This study investigates the electronic properties of finite-length armchair carbon nanotubes in an electric field (E) using a single-π-band tight-binding model. Three different tip configurations are considered, namely, open ends with hydrogen terminations (H-terminations), one end capped with half of C60 fullerene and the other end open with H-terminations, and both ends capped with half of C60 fullerene. In general, the electronic states and energy gaps of low-energy electronic structures are highly sensitive to changes in the direction and magnitude of the applied electric field and to the tip configuration. The present results show that the electric field induces a strong modulation of the state energies and energy gaps of the current nanotubes, changes their energy spacings, and prompts the occurrence of semiconductor-metal transitions (SMTs). It is found that the SMTs occur more frequently as the direction of the electric field approaches the symmetry axis or when its magnitude becomes sufficiently large. The present results also indicate that the Fermi levels and energy gaps of the three nanotubes considered in this study are strongly influenced by the cap configuration. Finally, the convergent decay behavior of the energy gap which is observed as the length of the nanotube is increased is also strongly dependent on the tip configuration.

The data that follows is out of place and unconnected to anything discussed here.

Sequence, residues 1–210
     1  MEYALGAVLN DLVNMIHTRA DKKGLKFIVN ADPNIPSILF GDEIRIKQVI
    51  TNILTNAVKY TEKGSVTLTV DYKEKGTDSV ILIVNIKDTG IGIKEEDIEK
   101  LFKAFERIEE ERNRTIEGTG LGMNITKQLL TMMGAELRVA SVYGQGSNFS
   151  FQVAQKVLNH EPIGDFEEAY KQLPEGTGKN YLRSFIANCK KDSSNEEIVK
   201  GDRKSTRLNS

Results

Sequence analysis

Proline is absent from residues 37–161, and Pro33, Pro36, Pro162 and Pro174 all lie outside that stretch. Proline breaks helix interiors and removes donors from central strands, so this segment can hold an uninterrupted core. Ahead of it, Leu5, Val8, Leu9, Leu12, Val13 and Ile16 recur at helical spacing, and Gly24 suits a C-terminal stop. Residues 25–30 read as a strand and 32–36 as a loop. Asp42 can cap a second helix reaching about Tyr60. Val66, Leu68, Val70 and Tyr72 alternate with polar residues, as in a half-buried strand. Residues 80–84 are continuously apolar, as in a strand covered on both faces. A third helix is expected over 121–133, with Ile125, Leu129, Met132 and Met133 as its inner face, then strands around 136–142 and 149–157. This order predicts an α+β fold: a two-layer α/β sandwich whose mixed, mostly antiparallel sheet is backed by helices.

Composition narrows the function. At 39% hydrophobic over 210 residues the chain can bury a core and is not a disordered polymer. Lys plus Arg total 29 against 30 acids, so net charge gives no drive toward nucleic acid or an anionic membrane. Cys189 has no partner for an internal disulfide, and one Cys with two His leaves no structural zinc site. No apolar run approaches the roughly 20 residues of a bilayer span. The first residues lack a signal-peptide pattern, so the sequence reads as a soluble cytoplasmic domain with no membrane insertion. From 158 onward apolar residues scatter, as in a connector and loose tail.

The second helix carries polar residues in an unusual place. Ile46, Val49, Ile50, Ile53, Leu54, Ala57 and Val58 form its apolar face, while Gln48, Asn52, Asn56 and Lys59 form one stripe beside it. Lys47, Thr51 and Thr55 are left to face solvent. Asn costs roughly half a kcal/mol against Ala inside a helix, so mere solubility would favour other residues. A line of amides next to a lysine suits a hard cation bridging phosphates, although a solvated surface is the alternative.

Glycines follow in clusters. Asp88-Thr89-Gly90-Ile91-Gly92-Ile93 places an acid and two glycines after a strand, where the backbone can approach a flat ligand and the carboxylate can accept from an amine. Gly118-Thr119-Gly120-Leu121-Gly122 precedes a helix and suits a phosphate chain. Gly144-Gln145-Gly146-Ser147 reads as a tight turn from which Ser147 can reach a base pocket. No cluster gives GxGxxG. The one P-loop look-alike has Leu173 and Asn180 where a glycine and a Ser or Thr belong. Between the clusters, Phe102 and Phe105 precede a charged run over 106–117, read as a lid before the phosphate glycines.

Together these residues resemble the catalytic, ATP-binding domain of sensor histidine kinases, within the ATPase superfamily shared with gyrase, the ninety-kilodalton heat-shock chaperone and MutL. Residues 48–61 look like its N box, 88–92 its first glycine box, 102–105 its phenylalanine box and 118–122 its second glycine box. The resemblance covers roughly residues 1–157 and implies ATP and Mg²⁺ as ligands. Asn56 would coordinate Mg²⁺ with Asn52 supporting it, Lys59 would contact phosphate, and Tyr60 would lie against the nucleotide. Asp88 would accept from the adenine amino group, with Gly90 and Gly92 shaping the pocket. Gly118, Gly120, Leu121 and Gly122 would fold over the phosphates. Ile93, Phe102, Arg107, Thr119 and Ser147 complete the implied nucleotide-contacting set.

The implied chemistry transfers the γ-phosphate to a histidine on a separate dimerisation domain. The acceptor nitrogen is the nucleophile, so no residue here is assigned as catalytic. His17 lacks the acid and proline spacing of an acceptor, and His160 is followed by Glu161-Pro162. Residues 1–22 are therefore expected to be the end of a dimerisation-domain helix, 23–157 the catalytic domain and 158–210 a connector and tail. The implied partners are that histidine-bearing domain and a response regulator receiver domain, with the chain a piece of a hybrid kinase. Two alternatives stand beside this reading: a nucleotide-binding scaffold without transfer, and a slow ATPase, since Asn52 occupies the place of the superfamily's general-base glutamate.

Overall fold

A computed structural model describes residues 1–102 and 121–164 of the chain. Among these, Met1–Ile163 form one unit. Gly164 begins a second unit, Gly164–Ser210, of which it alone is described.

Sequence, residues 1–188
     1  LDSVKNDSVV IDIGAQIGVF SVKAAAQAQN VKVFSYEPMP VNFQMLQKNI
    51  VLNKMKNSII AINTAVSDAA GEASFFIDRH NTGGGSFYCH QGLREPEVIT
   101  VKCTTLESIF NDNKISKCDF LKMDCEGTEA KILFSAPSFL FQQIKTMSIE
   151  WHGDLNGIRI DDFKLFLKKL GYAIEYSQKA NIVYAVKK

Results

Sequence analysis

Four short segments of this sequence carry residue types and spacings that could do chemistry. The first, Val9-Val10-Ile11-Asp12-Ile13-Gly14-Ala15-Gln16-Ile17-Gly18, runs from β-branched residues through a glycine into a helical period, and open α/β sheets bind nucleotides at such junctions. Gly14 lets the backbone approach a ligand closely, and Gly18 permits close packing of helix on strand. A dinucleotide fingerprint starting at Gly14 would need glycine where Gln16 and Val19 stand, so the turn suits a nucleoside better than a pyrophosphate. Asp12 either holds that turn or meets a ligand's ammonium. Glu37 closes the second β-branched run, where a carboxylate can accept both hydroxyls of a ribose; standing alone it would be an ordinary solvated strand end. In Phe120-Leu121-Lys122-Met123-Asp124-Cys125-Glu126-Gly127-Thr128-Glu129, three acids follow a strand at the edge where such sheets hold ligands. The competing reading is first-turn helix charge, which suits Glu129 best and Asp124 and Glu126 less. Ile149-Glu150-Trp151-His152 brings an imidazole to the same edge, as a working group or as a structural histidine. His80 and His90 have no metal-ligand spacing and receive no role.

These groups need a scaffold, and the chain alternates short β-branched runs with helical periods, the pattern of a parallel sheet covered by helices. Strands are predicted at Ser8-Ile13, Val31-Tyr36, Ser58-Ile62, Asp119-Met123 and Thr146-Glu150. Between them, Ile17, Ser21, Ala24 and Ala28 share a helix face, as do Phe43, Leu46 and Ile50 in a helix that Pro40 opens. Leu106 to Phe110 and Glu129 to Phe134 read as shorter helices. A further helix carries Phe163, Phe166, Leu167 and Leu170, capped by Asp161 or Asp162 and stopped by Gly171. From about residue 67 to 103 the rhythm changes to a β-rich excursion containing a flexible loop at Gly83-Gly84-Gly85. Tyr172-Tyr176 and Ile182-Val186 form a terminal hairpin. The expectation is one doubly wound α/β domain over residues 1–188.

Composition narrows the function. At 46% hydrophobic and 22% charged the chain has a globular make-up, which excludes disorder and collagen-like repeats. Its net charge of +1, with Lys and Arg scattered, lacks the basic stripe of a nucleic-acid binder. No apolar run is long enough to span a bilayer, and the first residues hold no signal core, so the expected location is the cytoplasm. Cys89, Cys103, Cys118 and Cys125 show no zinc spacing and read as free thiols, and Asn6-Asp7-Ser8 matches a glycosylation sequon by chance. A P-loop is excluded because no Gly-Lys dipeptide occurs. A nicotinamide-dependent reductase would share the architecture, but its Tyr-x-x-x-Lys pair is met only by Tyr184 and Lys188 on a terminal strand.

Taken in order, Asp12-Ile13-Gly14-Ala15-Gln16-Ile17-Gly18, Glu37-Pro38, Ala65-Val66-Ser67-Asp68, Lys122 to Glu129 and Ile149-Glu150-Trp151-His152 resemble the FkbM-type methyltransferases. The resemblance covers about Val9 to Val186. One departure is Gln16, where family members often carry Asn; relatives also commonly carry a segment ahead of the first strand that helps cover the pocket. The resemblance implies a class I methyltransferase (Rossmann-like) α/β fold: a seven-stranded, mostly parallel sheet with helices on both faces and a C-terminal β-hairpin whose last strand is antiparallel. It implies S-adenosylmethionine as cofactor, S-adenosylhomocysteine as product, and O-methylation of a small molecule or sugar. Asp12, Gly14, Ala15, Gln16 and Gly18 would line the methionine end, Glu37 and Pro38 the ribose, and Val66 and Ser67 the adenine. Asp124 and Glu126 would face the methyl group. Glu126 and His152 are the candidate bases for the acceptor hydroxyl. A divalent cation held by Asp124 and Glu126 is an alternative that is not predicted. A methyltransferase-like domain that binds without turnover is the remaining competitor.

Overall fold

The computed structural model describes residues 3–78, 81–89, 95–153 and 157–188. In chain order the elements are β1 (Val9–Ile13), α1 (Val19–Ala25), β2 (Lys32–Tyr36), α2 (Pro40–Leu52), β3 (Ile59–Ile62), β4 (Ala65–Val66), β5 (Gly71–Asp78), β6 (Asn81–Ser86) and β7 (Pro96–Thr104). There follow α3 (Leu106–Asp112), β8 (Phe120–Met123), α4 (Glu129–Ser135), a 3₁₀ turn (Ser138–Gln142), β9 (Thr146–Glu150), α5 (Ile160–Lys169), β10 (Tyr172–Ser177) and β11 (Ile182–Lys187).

All Science Journal Classification (ASJC) codes
- Physical and Theoretical Chemistry
- Surfaces, Coatings and Films
- Materials Chemistry